On 1 July 2009, UNCITRAL adopted the Practice Guide on Cross-Border Insolvency Cooperation. The Practice Guide provides a useful reference source on some practical aspects of cooperation and communication to deal with many of the conflicts and tensions between stakeholders and jurisdictions inevitable in cross-border cases. To ease these tensions, it is often essential for creditors and, importantly, the courts concerned to reach agreement about how the process will be handled.

International context

A hot topic in recent years is the effect of the European Insolvency Regulation and Cross-Border Insolvency Regulations 2006 (adopting the UNCITRAL Model Law) on cross-border restructurings. EC courts have, on the whole, been favourable to the UK insolvency regime. Companies and creditors have successfully used the Regulations to ensure groups of companies are all brought within the UK administration regime. This approach has however highlighted the inherent differences of culture and approach between jurisdictions.

An important consideration is how easily an insolvency procedure will be recognised in other jurisdictions, which may or may not already have their own insolvency procedures in place. Courts have, understandably, been reluctant to cede autonomy to other courts. While the US courts have always considered their jurisdiction far reaching and universal, since adopting the Model Law they have shown themselves more willing to cooperate with their counterparts in other jurisdictions.

What have UNCITRAL done to help?

The principal aim of the Practice Guide is to help those negotiating cross-border insolvency agreements or “protocols”. It provides a user-friendly analysis of more than 39 such agreements, ranging from written agreements approved by courts to oral arrangements that various stakeholders have negotiated. The Practice Guide is not intended to be prescriptive or binding. Clearly however it will be persuasive.

Communication between stakeholders

A common goal of cross-border agreements is to fix procedures for communication between parties, e.g. creditors. Agreements might contain terms dealing with information sharing, timing, frequency and content of communication, giving notice of actions to each other, and confidentiality.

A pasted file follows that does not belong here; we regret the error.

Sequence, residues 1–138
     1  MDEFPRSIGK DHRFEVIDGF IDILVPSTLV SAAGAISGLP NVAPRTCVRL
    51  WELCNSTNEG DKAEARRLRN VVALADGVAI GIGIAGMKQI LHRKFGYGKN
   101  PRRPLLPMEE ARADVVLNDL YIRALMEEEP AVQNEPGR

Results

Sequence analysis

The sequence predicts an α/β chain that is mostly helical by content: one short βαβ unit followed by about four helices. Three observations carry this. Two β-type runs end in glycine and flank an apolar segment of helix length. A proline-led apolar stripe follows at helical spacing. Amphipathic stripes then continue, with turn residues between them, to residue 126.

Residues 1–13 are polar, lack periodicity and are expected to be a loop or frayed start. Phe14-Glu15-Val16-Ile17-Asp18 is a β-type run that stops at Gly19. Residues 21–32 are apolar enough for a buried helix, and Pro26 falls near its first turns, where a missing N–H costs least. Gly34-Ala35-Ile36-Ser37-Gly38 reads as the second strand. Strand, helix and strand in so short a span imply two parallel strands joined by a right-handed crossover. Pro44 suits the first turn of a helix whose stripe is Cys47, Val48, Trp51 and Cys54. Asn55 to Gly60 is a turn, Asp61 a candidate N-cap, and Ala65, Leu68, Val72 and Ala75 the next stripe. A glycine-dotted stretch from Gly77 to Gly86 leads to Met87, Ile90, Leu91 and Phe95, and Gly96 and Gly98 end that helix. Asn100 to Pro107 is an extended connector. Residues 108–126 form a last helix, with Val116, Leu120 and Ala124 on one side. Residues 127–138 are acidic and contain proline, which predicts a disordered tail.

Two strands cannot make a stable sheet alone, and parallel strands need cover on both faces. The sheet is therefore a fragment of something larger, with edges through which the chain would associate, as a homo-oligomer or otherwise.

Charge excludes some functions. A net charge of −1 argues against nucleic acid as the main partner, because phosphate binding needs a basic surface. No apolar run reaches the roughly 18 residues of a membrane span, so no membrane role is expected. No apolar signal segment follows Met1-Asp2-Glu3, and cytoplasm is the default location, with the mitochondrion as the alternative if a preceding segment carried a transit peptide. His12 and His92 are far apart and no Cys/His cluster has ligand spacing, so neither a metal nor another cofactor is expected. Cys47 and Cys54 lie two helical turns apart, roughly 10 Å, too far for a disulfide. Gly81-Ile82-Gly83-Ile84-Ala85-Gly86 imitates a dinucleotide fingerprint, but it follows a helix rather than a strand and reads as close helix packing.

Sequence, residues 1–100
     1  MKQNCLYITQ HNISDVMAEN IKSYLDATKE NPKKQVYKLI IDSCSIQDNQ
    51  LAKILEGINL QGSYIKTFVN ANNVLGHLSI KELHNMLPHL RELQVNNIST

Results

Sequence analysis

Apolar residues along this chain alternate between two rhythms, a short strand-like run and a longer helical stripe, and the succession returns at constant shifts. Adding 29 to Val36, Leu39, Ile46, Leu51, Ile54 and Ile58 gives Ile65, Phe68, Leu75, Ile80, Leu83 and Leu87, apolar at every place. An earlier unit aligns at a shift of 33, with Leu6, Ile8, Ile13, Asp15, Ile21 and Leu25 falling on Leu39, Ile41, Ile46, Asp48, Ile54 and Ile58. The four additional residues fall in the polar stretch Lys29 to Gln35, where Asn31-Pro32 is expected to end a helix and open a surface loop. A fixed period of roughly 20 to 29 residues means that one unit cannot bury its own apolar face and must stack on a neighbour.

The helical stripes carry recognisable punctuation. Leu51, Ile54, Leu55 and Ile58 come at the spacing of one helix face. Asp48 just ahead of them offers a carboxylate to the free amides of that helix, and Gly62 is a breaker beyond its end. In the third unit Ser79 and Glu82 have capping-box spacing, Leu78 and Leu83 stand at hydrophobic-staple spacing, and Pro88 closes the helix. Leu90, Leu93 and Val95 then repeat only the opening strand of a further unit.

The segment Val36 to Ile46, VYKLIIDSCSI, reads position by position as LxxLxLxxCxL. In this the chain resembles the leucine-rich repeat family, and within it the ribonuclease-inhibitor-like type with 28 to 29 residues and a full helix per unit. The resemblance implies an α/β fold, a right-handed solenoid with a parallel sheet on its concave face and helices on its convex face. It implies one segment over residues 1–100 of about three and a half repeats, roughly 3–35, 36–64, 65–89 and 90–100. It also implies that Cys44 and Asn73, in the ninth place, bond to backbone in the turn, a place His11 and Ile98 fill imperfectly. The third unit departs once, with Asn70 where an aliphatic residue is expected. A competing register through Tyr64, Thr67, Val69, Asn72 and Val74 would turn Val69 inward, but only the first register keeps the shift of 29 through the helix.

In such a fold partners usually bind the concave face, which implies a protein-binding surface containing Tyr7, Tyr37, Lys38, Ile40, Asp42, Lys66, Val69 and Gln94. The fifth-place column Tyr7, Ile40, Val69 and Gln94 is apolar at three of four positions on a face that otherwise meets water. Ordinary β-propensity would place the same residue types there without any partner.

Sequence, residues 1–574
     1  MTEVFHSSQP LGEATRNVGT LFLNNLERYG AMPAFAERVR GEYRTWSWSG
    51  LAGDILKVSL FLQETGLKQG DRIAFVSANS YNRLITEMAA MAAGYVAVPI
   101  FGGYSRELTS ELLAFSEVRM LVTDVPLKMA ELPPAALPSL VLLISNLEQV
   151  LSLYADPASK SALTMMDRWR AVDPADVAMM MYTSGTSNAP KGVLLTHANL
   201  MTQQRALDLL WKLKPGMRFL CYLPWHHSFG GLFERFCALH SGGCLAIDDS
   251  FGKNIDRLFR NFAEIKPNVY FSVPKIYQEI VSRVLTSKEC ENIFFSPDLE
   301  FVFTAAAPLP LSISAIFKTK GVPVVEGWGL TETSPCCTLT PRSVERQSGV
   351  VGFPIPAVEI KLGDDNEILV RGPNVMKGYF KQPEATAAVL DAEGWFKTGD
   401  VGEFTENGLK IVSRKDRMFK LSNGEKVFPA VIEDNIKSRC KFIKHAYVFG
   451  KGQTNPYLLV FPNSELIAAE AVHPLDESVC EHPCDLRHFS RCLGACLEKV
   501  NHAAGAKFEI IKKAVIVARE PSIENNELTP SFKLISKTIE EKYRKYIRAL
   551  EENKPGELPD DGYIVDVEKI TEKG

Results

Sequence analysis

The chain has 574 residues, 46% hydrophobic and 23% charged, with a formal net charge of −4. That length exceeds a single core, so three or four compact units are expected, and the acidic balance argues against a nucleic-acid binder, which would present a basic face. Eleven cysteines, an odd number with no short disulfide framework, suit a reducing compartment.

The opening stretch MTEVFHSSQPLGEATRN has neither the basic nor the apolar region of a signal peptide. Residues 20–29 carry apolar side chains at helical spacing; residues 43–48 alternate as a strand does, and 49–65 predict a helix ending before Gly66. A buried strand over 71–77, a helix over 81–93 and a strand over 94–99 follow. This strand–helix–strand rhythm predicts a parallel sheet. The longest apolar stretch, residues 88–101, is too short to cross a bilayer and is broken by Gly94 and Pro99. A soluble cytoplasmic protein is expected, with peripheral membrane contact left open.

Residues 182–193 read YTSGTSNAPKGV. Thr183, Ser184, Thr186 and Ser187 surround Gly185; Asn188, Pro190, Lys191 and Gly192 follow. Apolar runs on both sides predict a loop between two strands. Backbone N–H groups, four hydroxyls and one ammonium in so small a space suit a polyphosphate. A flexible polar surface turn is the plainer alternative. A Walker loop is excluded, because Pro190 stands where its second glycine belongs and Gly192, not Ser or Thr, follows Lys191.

Communication between courts

The Practice Guide says direct communication between the courts in cross-border insolvencies is essential. It can prevent undue delay and cost and inconsistent treatment of creditors. However it points out that direct communication must always be subject to national law. Court cooperation in practice.

The Practice Guide explores three cases in which this firm was involved: Federal Mogul, Collins & Aikman and Cenargo. Federal Mogul remains the most instructive of the English cases for judicial cooperation purposes. The group adopted a protocol between the UK and the US to deal with pending English asbestos claims, which was approved by both the US bankruptcy court and the English courts. The US debtors in possession were given responsibility for developing a reorganisation plan and handling claims. The protocol also covered communication, confidentiality, rights to appear before the respective courts, the mutual recognition of stays of proceedings, and employing and compensating insolvency representatives and professionals.

Cenargo is an illustration of direct oral communication between courts. It involved concurrent insolvency proceedings in the United States and the United Kingdom. Judicial communication arose out of a jurisdictional stand-off, and was initiated by the US court. The parties arranged direct communication between the judges via a telephone conference in which the various parties’ counsel also took part.

Obviously you cannot force a court to agree to limit proceedings in its own jurisdiction or dictate how those proceedings should run. To try would also be to ignore the differences in jurisdiction, both substantively and procedurally, which must sit over any protocol. However if this Guide can be used as a way to steer newcomers through the problems, and give stakeholders some guidance on what can be achieved, then creditors, practitioners and judges alike should all welcome it.